Advertisement

Dysphagia

pp 1–12 | Cite as

Effects of Low-Frequency Repetitive Transcranial Magnetic Stimulation on Swallowing Function and Quality of Life of Post-stroke Patients

  • Nezehat Özgül ÜnlüerEmail author
  • Çağrı Mesut Temuçin
  • Numan Demir
  • Selen Serel Arslan
  • Aynur Ayşe Karaduman
Original Article
  • 68 Downloads

Abstract

Repetitive transcranial magnetic stimulation (rTMS) is one of the non-invasive techniques, which is used to modulate cortical regions in patients with stroke. The aim of this single blind, controlled study was to investigate the effect of rTMS on swallowing function and quality of life of mono-hemispheric post-stroke patients with dysphagia. Twenty-eight patients were randomized and split between study and control group. Each group received conventional dysphagia rehabilitation 3 days a week for 4 weeks, and study group also received 1 Hz rTMS to unaffected hemisphere in the final week. The descriptive information was noted. The clinical and radiological swallowing evaluation and quality of life assessment have been performed at four different times including before and after the treatment, 1 month and 3 months after the treatment. At baseline, no significant differences were observed between groups in terms of demographic and clinical features (p > 0.05). Swallowing function and quality of life of the patients were statistically improved in both groups towards the third month (p < 0.05). Swallowing function was comparable between two groups. However, a significant improvement was observed on appetite, fear of eating, and mental health parameters of quality of life assessment in the study group compared to the control group (p < 0.05). In conclusion, despite positive changes in some aspects of quality of life, rTMS did not enhance the swallowing function when compared conventional dysphagia rehabilitation. Therefore, the application of 1 Hz rTMS should be reconsidered to improve swallowing function in the chronic period.

Keywords

Stroke Deglutition Repetitive transcranial magnetic stimulation Deglutition disorders Quality of life 

Notes

Compliance with Ethical Standards

Conflict of interest

The authors declare that they have no conflicts of interest with regard to this research.

Ethical Approval

All the procedures performed in the studies involving human participants were conducted in accordance with the ethical standards of the institutional research committee, and with the 1964 Helsinki Declaration and its later amendments or comparable ethical standards.

Informed Consent

Informed consent was obtained from all the individual participants included in this study.

References

  1. 1.
    Speyer R, Baijens L, Heijnen M, Zwijnenberg I. Effects of therapy in oropharyngeal dysphagia by speech and language therapists: a systematic review. Dysphagia. 2010;25(1):40–65.CrossRefGoogle Scholar
  2. 2.
    Ridding MC, Rothwell JC. Is there a future for therapeutic use of transcranial magnetic stimulation? Nat Rev Neurosci. 2007;8(7):559.CrossRefGoogle Scholar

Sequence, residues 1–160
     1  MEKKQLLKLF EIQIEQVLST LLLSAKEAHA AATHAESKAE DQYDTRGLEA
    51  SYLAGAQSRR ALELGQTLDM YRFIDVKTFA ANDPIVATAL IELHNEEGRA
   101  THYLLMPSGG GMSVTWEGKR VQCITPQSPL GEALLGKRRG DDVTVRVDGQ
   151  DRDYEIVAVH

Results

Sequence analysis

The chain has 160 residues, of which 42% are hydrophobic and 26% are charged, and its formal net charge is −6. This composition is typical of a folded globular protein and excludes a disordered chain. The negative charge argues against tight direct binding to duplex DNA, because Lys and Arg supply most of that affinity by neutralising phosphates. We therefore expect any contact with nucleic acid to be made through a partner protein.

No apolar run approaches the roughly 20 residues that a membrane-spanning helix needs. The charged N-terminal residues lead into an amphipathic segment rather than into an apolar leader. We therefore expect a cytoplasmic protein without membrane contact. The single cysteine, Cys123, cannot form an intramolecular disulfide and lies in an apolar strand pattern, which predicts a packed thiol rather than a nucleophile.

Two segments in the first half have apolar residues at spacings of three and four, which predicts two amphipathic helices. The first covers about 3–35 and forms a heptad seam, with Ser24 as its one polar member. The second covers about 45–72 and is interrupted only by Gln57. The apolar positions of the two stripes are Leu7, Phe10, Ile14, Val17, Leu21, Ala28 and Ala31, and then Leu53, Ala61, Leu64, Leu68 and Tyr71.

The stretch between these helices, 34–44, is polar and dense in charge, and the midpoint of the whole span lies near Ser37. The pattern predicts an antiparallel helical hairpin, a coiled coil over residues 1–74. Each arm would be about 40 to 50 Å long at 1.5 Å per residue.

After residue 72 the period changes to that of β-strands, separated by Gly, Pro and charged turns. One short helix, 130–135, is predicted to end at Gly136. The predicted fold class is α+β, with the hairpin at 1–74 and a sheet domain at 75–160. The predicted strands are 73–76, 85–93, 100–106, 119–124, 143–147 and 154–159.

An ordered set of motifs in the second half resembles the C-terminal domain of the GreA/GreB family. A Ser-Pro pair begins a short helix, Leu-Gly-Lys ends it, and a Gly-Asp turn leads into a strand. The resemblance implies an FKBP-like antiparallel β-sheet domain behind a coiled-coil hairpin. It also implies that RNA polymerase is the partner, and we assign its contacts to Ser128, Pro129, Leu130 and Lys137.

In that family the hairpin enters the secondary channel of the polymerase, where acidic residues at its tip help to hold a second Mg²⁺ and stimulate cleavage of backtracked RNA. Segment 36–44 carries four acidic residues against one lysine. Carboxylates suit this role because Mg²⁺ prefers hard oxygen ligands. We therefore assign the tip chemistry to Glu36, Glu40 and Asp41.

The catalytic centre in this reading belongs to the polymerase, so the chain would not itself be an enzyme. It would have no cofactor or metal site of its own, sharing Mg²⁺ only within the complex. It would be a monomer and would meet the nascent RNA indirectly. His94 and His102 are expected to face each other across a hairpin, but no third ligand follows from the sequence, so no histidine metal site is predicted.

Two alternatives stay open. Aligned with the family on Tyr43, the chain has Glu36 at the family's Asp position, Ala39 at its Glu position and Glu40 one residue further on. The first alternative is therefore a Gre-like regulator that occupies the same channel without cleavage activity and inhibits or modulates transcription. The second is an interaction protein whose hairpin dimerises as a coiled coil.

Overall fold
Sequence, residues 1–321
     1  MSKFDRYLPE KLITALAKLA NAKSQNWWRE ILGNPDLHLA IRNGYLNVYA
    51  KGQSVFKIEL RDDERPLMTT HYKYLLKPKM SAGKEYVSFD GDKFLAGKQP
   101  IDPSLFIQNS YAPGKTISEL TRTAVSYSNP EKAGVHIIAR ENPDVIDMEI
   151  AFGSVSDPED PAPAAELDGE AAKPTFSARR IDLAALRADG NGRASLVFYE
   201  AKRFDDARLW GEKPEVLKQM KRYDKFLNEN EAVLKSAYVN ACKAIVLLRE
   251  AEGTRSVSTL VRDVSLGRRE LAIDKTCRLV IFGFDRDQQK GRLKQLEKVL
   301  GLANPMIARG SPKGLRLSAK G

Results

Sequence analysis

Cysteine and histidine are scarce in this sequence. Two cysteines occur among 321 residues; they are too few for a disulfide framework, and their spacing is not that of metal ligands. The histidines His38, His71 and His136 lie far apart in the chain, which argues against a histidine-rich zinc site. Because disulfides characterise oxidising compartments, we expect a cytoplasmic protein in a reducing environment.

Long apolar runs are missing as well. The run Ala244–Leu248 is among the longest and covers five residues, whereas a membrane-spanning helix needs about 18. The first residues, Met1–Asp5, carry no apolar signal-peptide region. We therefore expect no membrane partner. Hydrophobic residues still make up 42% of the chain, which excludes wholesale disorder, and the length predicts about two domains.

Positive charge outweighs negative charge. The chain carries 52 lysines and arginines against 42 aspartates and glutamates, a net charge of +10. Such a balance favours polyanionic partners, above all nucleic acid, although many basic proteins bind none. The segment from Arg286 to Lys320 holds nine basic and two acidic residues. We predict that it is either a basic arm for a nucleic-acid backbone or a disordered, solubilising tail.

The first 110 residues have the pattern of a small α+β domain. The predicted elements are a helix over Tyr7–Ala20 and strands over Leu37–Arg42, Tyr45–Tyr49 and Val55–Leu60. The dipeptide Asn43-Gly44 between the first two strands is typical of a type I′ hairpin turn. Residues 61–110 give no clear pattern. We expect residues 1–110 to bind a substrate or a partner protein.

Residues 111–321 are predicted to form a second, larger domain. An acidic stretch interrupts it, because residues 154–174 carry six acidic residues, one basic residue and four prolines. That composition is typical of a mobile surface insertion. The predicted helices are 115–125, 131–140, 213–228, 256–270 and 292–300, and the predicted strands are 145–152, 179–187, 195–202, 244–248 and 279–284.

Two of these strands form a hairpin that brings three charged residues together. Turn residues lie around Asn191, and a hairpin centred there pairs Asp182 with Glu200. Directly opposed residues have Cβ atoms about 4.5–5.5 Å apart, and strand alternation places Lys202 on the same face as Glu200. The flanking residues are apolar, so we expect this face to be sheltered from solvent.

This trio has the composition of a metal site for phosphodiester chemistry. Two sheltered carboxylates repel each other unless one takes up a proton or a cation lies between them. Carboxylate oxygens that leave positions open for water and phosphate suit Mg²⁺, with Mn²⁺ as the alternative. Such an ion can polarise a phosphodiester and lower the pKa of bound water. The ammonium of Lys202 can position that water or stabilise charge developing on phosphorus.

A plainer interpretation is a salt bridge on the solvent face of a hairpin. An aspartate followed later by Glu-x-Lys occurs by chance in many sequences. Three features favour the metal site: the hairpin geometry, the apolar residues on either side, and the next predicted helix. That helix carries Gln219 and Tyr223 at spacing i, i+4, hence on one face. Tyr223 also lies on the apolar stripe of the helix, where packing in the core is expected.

3. 3.
    Fregni F, Boggio PS, Valle AC, Rocha RR, Duarte J, Ferreira MJ, Wagner T, Fecteau S, Rigonatti SP, Riberto M. A sham-controlled trial of a 5-day course of repetitive transcranial magnetic stimulation of the unaffected hemisphere in stroke patients. Stroke. 2006;37(8):2115–22.CrossRefGoogle Scholar
  4. 4.
    Mansur C, Fregni F, Boggio P, Riberto M, Gallucci-Neto J, Santos C, Wagner T, Rigonatti S, Marcolin M, Pascual-Leone A. A sham stimulation-controlled trial of rTMS of the unaffected hemisphere in stroke patients. Neurology. 2005;64(10):1802–4.CrossRefGoogle Scholar
  5. 5.
    Hummel F, Celnik P, Giraux P, Floel A, Wu W-H, Gerloff C, Cohen LG. Effects of non-invasive cortical stimulation on skilled motor function in chronic stroke. Brain. 2005;128(3):490–9.CrossRefGoogle Scholar
  6. 6.
    Peinemann A, Reimer B, Löer C, Quartarone A, Münchau A, Conrad B, Siebner HR. Long-lasting increase in corticospinal excitability after 1800 pulses of subthreshold 5 Hz repetitive TMS to the primary motor cortex. Clin Neurophysiol. 2004;115(7):1519–26.CrossRefGoogle Scholar
  7. 7.
    Kim L, Chun MH, Kim BR, Lee SJ. Effect of repetitive transcranial magnetic stimulation on patients with brain injury and dysphagia. Ann Rehabil Med. 2011;35(6):765–71.CrossRefGoogle Scholar
  8. 8.
    Khedr EM, Abo-Elfetoh N. Therapeutic role of rTMS on recovery of dysphagia in patients with lateral medullary syndrome and brainstem infarction. J Neurol Neurosurg Psychiatr. 2010;81(5):495–9.CrossRefGoogle Scholar
  9. 9.
    Khedr E, Abo-Elfetoh N, Rothwell J. Treatment of post-stroke dysphagia with repetitive transcranial magnetic stimulation. Acta Neurol Scand. 2009;119(3):155–61.CrossRefGoogle Scholar
  10. 10.
    Verin E, Leroi A. Poststroke dysphagia rehabilitation by repetitive transcranial magnetic stimulation: a noncontrolled pilot study. Dysphagia. 2009;24(2):204.CrossRefGoogle Scholar
  11. 11.
    Cramer SC, Nelles G, Benson RR, Kaplan JD, Parker RA, Kwong KK, Kennedy DN, Finklestein SP, Rosen BR. A functional MRI study of subjects recovered from hemiparetic stroke. Stroke. 1997;28(12):2518–27.CrossRefGoogle Scholar
  12. 12.